obsess, (verb) obsesses; obsessed; obsessing
1. To dominate or to occupy the thoughts, feelings, or desires of someone; to beset, to trouble, or to haunt persistently or abnormally: Suspicions about his neighbor's honesty obsessed Matthew.
2. To occupy someone's thoughts constantly, compulsively, and exclusively: The desire for revenge about the way she was treated so badly by her fellow workers obsessed Marge's sister for a long time.
3. Etymology: from Latin obsessus, past participle of obsidere, "to besiege, to occupy". Literally, "to sit opposite to", from ob, "against" + sedere "to sit".

Of evil spirits, "to haunt", is from 1540. Obsession was originally (1513), "the act of besieging", then "hostile action of the devil or an evil spirit" (1605). The meaning "persistent influence or idea" is first recorded in 1680.

A person's whose mind is controlled by a fixed idea.
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obsessed (adjective), more obsessed, most obsessed
1. A reference to being influenced or controlled by a powerful force; such as, a strong emotion.
2. Conveying or showing an excessive or compulsive concern with something or someone.
obsession (s) (noun), obsessions (pl)
1. An unhealthy and compulsive thinking about something or someone: Her obsession about being fat often motivates Lucy to try many diet plans which promise quick results; but, don't necessarily lead to success.
2. An irrational drive for performing trivial or repetitive actions even when the person doesn't want to: Harriet observed the woman in the public washroom who appeared to have an obsession about washing her hands because she was scrubbing her hands with soap and water and then doing it again and again.
3. The uncontrollable persistence of an idea or emotion in the mind, sometimes associated with a psychiatric disorder: The worrisome obsession which the military officer had that his telephone was being tapped by the government turned out to be true and so it was not just a mental health disorder.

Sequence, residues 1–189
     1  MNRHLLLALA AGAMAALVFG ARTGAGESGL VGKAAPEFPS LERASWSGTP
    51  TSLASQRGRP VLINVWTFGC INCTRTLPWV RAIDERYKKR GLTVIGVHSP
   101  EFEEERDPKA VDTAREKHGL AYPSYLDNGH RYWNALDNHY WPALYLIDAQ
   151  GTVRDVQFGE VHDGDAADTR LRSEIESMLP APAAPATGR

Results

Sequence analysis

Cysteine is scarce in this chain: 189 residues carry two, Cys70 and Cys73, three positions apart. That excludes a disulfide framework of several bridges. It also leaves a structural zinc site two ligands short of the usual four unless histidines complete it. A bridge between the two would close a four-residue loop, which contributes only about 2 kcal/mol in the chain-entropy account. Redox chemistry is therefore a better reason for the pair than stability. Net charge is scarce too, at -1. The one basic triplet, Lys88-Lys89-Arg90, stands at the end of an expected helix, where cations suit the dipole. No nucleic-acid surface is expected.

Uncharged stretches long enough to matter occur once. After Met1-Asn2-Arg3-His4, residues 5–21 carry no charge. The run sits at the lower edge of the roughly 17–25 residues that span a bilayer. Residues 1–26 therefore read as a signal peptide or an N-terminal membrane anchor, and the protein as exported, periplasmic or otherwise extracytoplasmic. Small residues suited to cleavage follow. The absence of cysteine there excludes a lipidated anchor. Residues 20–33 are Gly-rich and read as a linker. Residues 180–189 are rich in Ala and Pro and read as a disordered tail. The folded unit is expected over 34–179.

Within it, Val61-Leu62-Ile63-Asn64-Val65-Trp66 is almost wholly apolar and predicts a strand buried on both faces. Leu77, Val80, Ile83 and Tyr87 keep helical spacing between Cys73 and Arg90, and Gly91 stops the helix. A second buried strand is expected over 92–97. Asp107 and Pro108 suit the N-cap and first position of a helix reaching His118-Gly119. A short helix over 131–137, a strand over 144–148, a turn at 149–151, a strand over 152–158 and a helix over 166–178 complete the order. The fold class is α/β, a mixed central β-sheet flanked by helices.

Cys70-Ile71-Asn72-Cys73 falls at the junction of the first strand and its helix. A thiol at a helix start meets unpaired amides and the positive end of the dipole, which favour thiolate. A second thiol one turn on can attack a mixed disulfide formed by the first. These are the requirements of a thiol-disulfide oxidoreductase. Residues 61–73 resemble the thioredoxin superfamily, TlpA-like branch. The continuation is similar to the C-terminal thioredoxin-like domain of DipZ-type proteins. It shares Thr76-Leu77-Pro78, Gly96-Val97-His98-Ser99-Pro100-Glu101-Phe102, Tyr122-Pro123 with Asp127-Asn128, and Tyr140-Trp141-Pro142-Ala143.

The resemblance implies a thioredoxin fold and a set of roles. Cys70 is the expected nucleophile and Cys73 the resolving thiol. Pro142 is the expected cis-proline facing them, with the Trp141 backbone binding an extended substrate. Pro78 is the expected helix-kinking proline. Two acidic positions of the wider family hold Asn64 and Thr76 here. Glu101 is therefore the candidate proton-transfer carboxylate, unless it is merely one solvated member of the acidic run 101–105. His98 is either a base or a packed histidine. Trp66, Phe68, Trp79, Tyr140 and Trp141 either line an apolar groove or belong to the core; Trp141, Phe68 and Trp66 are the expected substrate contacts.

A persistent disturbing preoccupation that is often an unreasonable idea.
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Someone who is possessed with a dominating and powerful idea.
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obsessive (adjective), more obsessive, most obsessive
1. A reference to or characterized by an uncontrollable feeling or passion about something or someone: An obsessive concern may cause some people to do things against their wills because they have no ability to stop themselves.
2. Relating to, characteristic of, or causing a desire to do something: Shirley had an obsessive-gambling habit, on and off the internet.
3. An extreme degree or nature: The coach had an obsessive need and desire for his team to win every game they played.
obsessive-compulsive disorder (s) (noun), obsessive-compulsive disorders (pl)
In medicine, a neurosis in which people are continuously bothered by persistent ideas that make them do repetitive, ritualized actions which they have no control over: An obsessive-compulsive disorder often begins in adolescence and continues to fluctuate or come and go over time.

People with obsessive-compulsive disorders often suffer from very strong feelings of having to do something that can't be controlled by themselves and so they also may have depressions and anxieties.

For a long time, obsessive-compulsive disorders have been treated with psychoanalysis or behavior therapy.

organosedimentary (adjective), more organosedimentary, most organosedimentary
A reference to substances that have been left by water and built up by the interaction of living organisms.
overassess (verb), overassesses; overassessed; overassessing
To determine property values at being worth too high a tax figure; to overtax.